HELP WANTED: Technically-skilled heavy equipment workers. Can start immediately.
In essence, the above sums up a recent study of the United States heavy equipment industry. Initiated by the Associated Equipment Distributors, the report showed that the industry loses over $2 billion each year because of how difficult it is to find and retain technically-skilled workers.
The report emphasizes the struggle the equipment distribution industry has because of a wide gap between skills needed to fill technical roles and the skills possessed by prospective new-hires.
The AED Foundation (AEDF) commissioned the study done by researchers from the College of William and Mary. The research team analyzed the industry’s shortage of skilled trades workers based on a summer 2015 survey.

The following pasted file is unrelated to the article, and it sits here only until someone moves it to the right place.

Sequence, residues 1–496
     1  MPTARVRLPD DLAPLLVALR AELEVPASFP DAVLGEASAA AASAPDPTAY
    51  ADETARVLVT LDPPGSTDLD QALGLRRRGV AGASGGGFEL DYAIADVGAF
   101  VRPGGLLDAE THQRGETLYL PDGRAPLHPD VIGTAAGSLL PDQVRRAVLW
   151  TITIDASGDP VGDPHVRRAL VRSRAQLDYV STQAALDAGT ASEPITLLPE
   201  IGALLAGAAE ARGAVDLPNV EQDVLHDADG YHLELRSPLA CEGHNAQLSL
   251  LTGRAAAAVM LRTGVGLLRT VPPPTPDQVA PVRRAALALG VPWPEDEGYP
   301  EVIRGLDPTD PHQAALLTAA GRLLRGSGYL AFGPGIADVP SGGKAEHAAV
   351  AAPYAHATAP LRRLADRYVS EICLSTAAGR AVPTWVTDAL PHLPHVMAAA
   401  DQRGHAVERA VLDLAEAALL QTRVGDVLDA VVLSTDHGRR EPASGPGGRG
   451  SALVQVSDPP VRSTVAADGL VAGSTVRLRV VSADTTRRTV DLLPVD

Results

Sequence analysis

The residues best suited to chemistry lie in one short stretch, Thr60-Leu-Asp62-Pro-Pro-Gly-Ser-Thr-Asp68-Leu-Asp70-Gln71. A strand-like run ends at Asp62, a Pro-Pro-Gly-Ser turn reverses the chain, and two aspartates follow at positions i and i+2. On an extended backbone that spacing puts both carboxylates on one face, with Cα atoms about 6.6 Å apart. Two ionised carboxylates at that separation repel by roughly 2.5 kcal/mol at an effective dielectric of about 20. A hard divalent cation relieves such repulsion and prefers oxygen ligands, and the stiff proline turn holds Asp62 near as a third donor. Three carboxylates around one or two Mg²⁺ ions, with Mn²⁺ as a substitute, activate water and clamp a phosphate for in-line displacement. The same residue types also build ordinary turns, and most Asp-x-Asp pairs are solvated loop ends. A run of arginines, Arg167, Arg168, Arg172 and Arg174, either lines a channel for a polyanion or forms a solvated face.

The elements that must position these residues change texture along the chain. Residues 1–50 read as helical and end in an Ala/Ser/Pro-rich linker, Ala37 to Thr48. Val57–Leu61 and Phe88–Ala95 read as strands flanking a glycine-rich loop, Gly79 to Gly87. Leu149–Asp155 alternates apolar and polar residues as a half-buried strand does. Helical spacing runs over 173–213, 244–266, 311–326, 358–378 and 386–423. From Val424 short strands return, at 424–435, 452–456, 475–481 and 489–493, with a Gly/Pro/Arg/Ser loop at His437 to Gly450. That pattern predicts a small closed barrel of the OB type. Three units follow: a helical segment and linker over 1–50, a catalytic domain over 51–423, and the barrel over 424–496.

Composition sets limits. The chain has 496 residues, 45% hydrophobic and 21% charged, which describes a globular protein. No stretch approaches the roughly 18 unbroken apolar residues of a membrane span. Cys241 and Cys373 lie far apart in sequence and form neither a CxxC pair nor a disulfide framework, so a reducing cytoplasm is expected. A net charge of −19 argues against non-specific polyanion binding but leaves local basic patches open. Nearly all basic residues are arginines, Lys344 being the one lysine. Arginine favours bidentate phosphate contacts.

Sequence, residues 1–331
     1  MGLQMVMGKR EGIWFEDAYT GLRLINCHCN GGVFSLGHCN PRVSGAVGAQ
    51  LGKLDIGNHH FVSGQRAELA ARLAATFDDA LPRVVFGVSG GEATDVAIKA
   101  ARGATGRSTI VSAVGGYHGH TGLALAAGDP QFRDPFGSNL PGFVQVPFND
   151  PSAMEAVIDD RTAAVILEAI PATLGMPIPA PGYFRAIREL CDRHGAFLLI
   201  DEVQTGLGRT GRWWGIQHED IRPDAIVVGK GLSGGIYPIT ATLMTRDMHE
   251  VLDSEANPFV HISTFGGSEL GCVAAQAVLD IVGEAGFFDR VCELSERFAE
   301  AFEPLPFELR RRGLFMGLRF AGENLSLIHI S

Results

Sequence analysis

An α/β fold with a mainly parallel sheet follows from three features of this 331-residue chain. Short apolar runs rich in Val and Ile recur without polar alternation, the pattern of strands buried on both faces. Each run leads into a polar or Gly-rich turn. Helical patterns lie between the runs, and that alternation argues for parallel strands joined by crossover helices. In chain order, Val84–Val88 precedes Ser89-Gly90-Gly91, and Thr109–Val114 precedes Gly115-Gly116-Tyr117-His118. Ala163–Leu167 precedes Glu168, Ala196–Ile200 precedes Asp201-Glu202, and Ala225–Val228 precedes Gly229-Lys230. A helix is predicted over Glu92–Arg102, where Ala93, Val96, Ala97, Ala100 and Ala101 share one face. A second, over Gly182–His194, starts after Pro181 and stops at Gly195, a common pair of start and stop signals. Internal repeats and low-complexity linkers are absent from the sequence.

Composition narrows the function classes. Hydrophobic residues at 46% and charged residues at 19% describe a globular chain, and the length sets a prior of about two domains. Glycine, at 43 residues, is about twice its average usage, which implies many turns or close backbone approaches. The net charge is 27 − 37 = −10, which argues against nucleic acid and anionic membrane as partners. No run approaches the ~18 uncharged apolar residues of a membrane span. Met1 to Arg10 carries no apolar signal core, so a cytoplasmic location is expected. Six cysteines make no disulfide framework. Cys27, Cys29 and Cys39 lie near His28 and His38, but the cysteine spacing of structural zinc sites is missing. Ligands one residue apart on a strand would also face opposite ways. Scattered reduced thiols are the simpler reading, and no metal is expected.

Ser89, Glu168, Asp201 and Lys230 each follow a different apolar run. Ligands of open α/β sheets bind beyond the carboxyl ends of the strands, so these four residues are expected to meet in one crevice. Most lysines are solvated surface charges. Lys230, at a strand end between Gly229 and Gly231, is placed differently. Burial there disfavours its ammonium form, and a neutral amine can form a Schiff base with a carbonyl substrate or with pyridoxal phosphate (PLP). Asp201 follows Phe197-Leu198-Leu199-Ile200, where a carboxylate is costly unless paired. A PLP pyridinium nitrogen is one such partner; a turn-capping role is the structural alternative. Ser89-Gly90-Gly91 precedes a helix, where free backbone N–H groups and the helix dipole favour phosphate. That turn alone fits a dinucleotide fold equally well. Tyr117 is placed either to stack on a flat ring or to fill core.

AED President/CEO Brian McGuire said the current worker shortage constitutes “a national crisis,” and that the report accurately reflects the current condition of the industry’s workforce.
The research showed that job openings by equipment distributors is three times that of the national average and that vacancies remain open for extended periods of time. The toughest challenge dealers face is finding workers proficient in skilled trades.
Moreover, the job market is expected to continue to grow because of the nation’s newly-passed five-year highway authorization law. But instead, the report suggests, jobs will remain unfilled because the right candidates won’t be available.
In their report, researchers said that the “skills gap” will affect expansion potential, while causing lost revenue and wages, among other issues.
The report also laid forth a series of recommendations, including strong community-based relationships for recruiting and developing talent, and improvements to federal workforce policy.
McGuire said he hoped the report and its affect on the heavy equipment distribution industry will motivate the nation’s lawmakers to find solutions to the skills gap in order to help boost future economic health.
The AED was founded in 1991 and focuses on professional skilled trades education and workforce development specific to the industry.